Creativity of Syrian Woman in Arts

Women in Syria have played a significant role in defining art and giving it great importance. This can be seen through the ages, starting before the birth of Christianity and ancient civilizations, via the great statues of Ornina and Mary, which were the first point in enriching art in Syria and presenting specific thoughts of a culture that gave great importance to the female as a symbol of fertility and productivity. Starting from the beautiful female faces of the Roman monuments and mosaics that are a rich inheritance of our Syrian culture, through to the great paintings of women representing mother and child painted by the famous Syrian artist, Louay Kayally, a different meaning to motherhood began to appear in the 60’s, and is now continuing in the 21st century. The creativity of women in Syria is beginning to emerge and a spotlight is being placed on their huge role through art and life.

A woman from a well- known Damascene family told me the story of her life, in that she loved art in all its forms, and in 1951 she was given the opportunity, with her friends, to study with the great Adham Ismail. She had the chance to study abroad in Italy, but she couldn’t take the opportunity because of the closed society she lived in and its rules, and so her dream of study and art evaporated into thin air. Back in the 1950’s, many renowned Damascene families believed studying art abroad was not a suitable prospect for their young women, it went against their moral code and damaged their respectability.

There was no faculty of plastic arts in the capital, Damascus, and it was really difficult for women to go and study abroad; thus it was easier for them to suppress their artistic desires and follow another course in their lives. Luckily things changed when the Faculty of Art opened in Damascus in the 1970’s, and it became easier for women to study art.

Back in Roman times, femininity translated primarily as being mothers, daughters, wives and artists models. The statues that were made for symbolizing women and goddesses show how women were perceived then; however since then life, art and mentalities have developed a lot and new thinkers appeared. The many faces of art are now focusing not only on man and his greatness, but also the power and generosity of woman. This is a great achievement for womankind.

In modern Syria, the role of woman has been enriched in so many aspects of life, and one clear indicator of this are the number of great female artists in our society that give so much of their spirit and soul to art, and reflecting their life through art. Here are a few examples:

A photo exhibition was held in December in the Mustafa Ali art foundation titled “On this day or another”. It represented young women in Syria, and the relationship between women and Orient today. The photo exhibition had shown the results of a workshop that took place at the Institute of Applied Arts in Damascus, on the subject beyond Orientalism – realities of young women in modern Syria. This workshop was sponsored by the German and the Swiss Embassies, that provided a group of 16 women in Syria with professional photography training and with the opportunity to depict the reality of their daily lives from the inside.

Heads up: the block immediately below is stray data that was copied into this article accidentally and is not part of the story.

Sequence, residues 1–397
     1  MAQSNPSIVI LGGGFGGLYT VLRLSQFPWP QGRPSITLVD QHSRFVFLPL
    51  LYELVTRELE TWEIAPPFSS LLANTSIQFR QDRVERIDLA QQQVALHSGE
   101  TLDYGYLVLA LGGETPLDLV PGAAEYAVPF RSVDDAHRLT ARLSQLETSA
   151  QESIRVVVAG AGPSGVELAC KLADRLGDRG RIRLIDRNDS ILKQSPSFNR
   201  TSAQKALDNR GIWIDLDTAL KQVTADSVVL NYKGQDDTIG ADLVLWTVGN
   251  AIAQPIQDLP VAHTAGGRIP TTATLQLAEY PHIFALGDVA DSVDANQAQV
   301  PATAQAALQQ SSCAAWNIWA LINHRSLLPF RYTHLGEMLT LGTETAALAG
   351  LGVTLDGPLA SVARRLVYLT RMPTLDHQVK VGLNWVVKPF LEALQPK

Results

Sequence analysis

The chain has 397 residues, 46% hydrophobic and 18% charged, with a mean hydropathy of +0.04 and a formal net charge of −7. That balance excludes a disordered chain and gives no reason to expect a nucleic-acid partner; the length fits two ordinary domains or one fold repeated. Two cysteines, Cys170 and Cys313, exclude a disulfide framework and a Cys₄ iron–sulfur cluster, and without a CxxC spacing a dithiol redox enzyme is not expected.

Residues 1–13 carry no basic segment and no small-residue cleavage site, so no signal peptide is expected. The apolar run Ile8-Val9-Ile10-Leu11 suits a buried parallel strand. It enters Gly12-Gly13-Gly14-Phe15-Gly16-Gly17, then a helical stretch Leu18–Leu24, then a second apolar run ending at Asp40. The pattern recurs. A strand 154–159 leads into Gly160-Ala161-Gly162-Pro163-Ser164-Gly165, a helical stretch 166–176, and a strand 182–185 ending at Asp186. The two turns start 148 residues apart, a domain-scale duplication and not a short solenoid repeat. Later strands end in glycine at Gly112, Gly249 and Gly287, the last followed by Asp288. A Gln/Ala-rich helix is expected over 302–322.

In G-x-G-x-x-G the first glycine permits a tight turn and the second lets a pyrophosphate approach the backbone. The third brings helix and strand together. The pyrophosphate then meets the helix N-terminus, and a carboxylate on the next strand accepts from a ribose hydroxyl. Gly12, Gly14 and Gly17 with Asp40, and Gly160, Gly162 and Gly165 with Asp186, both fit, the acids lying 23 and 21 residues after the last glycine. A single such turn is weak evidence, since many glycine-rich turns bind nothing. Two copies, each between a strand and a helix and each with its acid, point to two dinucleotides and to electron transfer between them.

Another photo exhibition by the artist Rahaf Al Jallad was held in the Goethe Institute in February 2011. This exhibition focused on the forgotten tiny details in our daily lives that enrich us and give life the beauty that it deserves; aiming to make every viewer stand still for a moment and reflect on how beautiful our lives are and how we can make them better .

Many female artists have proved that we can add a new perspective to art; incorporating our children, husbands and parents. The modern painter, Sara Shammaa, relives her childhood memories, and yet focuses on a modern look to art, showing that a female role in life could go beyond its duties and its responsibilities. Safaa al Set in her latest exhibition at the Arthouse Gallery focused on women and their femininity, their beauty and their outlook in life, via her iron sculptures, which gave a new life to metal and turned them into wonderful pieces, filled with curves and lines and adding a new and modern look to art.

In conclusion, Syrian woman are now proving and showing that, in addition to being housewives and mothers, they can be the artists as well as the models. In doing so, they are taking first place in so many ways.


Haifaa Mafalani